As an author you have to believe in your book. Experience has taught me that if you don’t, nobody will. Still, there are ways of believing in your book while keeping your ego in check. Given the ego we’ve seen along Pennsylvania Avenue these last few years it may come as little surprise that even some wannabe authors can nearly match it. The line, as professionals draw it, is balancing between the importance of your work with the realism that few books sell well. Your best approach, as author, is humility. Many people don’t read the professionals. You quickly learn this if you’re in an editorial role. It is normal to receive emails from authors telling you how important their work is, some even claiming it as an even on a cosmic scale (I am not joking).
I often consider how much pain authors could spare themselves with just a tiny bit of research. If a publisher has turned your book down twice already, don’t submit it a third time. (You already crossed the line the second time you sent it.) And don’t send your proposal with a list of demands. What I’ve noted both on this blog and elsewhere is that editors value professionalism. We don’t like turning down books. We don’t want to ruin a prospective author’s day. There are, however, safeguards you can use to prevent the worst kinds of disappointment. Rule number one is check your ego at the door. Do you know how many books have been published? Do you know just how difficult it will be for your book to get noticed? Take a reality check.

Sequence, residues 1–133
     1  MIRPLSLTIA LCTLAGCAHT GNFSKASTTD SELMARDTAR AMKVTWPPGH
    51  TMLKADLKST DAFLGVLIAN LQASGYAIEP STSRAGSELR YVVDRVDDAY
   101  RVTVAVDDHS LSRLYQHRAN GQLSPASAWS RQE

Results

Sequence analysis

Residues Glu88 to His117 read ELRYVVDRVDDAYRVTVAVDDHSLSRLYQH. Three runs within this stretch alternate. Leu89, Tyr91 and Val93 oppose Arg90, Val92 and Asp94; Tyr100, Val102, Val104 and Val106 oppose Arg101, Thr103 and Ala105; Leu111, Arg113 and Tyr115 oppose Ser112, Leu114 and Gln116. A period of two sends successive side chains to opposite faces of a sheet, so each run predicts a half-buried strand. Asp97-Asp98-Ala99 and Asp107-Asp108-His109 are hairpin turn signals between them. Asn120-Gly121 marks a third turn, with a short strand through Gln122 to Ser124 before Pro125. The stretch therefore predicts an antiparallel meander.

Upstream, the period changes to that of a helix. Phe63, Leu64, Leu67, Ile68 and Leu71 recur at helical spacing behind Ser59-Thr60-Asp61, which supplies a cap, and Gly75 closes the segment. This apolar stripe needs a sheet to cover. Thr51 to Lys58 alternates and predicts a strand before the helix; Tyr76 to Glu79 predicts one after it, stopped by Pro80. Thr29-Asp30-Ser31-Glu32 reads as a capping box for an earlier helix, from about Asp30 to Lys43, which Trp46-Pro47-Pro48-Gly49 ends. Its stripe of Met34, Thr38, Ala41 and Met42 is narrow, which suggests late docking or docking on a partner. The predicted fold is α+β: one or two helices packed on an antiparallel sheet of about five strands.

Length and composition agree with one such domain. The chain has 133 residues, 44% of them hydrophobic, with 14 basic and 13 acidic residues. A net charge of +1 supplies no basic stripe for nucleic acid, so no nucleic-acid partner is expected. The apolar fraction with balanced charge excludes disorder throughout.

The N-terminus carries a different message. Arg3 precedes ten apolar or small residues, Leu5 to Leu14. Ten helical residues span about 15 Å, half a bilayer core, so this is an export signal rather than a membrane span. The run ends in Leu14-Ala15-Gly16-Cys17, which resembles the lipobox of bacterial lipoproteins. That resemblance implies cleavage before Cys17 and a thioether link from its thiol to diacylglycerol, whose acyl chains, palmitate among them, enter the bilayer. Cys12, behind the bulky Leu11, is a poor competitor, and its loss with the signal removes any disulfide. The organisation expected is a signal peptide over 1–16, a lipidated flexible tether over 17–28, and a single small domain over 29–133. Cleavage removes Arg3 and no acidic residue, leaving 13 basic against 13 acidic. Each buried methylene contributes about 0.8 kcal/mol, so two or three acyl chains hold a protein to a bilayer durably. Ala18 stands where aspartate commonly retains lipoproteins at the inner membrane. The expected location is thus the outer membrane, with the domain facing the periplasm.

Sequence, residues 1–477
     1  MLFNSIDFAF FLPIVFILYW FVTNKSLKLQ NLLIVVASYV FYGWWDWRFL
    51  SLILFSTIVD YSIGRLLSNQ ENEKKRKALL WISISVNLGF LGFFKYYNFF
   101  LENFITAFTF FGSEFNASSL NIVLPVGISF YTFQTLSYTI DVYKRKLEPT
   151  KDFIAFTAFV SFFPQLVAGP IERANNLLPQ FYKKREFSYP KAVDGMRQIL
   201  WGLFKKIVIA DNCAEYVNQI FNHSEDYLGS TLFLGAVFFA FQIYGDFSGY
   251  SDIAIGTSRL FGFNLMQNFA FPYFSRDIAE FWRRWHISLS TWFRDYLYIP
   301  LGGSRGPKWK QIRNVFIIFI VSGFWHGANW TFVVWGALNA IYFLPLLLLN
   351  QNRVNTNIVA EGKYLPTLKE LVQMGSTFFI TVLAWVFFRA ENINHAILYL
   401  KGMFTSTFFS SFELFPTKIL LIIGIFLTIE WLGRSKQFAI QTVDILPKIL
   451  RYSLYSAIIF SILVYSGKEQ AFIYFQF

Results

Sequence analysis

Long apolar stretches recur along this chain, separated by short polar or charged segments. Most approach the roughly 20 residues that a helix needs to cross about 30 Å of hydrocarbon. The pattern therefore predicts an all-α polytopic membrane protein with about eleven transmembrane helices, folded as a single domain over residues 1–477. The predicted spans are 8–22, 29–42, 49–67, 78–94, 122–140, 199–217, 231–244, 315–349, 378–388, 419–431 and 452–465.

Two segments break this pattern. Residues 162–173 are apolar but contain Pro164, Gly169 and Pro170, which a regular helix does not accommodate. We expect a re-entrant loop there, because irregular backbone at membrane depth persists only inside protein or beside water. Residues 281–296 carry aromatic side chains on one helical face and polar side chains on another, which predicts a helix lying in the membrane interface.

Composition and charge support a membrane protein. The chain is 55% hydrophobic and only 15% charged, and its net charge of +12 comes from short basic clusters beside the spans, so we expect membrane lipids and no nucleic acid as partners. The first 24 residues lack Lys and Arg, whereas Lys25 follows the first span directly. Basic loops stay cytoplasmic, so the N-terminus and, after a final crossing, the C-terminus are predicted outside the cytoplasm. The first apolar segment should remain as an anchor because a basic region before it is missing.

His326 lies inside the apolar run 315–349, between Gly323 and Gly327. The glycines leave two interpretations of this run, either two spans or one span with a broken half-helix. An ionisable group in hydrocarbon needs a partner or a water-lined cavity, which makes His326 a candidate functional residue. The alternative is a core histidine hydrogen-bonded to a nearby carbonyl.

Also, scale your expectations. How many bestsellers have come from university presses? If you’re after bestseller status you need to aim for a trade publisher. This is pretty basic stuff. Those of us who publish in the academic world do believe our books are important, but many of us also know that they start only small conversations. Biblical studies isn’t exactly a growth field. We talk amongst each other, a collegial little group for the most part. And to keep things on the collegial level it is helpful to remember that we’re not publishing for ego. We’re publishing to try to move knowledge ahead, even if just by a micron or two. Good writing, I was once told, is simply clear thinking. Getting that writing published is part of a conversation and conversation only works if we are willing to keep our egos on their leashes.